Gingivitis is inflammation of the gingival tissues in the absence of clinical attachment lost. It may be characterized by edema, erythema, increased gingival temperature, and occasionally pain. As the inflammation and loss of connective tissue is confined to the soft tissues, teeth are not in jeopardy of being lost.
Gingivitis is ordinarily reversible with appropriate therapy. Periodontitis is inflammation that affects and destroys the attachment apparatus. The histology is marked by apical migration of the junctional epithelium from the cementoenamel junction, loss of connective tissue attachment, loss of periodontal ligament, and destruction of bone.
Increased probing depths may occur or the gingivitis may recede as attachment is lost. Continuation of this loss of attachment will eventually lead to the loss of the tooth. The progress of periodontitis may be arrested with proper therapy. In certain situations, lost attachment apparatus may be surgically regenerated.
Gingival disease modified by systemic factors:
Puberty-associated gingivitis, menstrual cycle-associated gingivitis, and pregnancy-associated gingivitis. These conditions are all associated with changes in steroid hormone levels, primarily progesterone and estrogen. Gingivitis have been associated with increased levels of Prevotella intermedia in the inflamed sites.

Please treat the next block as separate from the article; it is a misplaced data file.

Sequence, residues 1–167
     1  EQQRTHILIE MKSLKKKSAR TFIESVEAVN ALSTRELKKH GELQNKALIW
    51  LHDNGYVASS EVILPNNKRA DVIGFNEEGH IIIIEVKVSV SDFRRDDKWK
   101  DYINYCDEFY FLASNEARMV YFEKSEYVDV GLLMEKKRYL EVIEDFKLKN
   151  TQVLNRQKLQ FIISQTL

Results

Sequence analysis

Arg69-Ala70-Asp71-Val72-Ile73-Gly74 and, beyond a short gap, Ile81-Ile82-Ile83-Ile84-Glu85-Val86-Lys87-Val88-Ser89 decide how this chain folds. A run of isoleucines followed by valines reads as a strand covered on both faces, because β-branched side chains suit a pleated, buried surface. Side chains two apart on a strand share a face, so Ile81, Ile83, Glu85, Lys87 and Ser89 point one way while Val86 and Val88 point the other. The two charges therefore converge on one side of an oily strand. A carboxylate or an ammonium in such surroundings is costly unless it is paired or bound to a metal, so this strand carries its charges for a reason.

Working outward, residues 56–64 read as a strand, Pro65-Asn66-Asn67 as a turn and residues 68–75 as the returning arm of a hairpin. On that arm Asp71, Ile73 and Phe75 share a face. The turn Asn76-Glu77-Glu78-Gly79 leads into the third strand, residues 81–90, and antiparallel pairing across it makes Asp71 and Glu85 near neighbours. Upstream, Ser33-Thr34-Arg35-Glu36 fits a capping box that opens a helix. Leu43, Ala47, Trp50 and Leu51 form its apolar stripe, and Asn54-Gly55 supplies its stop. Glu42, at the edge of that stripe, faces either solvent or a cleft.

In puberty-associated gingivitis, the gingivitis inflammation may be exaggerated even with apparently minimal amounts of plaque. Menstrual cycle-associated gingivitis may appear in a very mild form. Increased gingival crevicular fluid flow has been seen in a majority of subjects during ovulation.
Pregnancy-associated gingivitis has perhaps the most radical changes, with the possible appearance of a pyogenic granuloma. It is an extreme response to gingivitis inflammation, characterized as a painless protuberance of the gingiva that bleeds readily at slight provocation.
Gingivitis modified by medications. There are three major drugs that can induce an overgrowth of gingival tissues. Phenytoin is used as an antiseizure medication, nifedipine and several of the other calcium channel blockers are antihypertensive/antiarrhythmic drugs, and cyclosporine A is an immunosuppressant.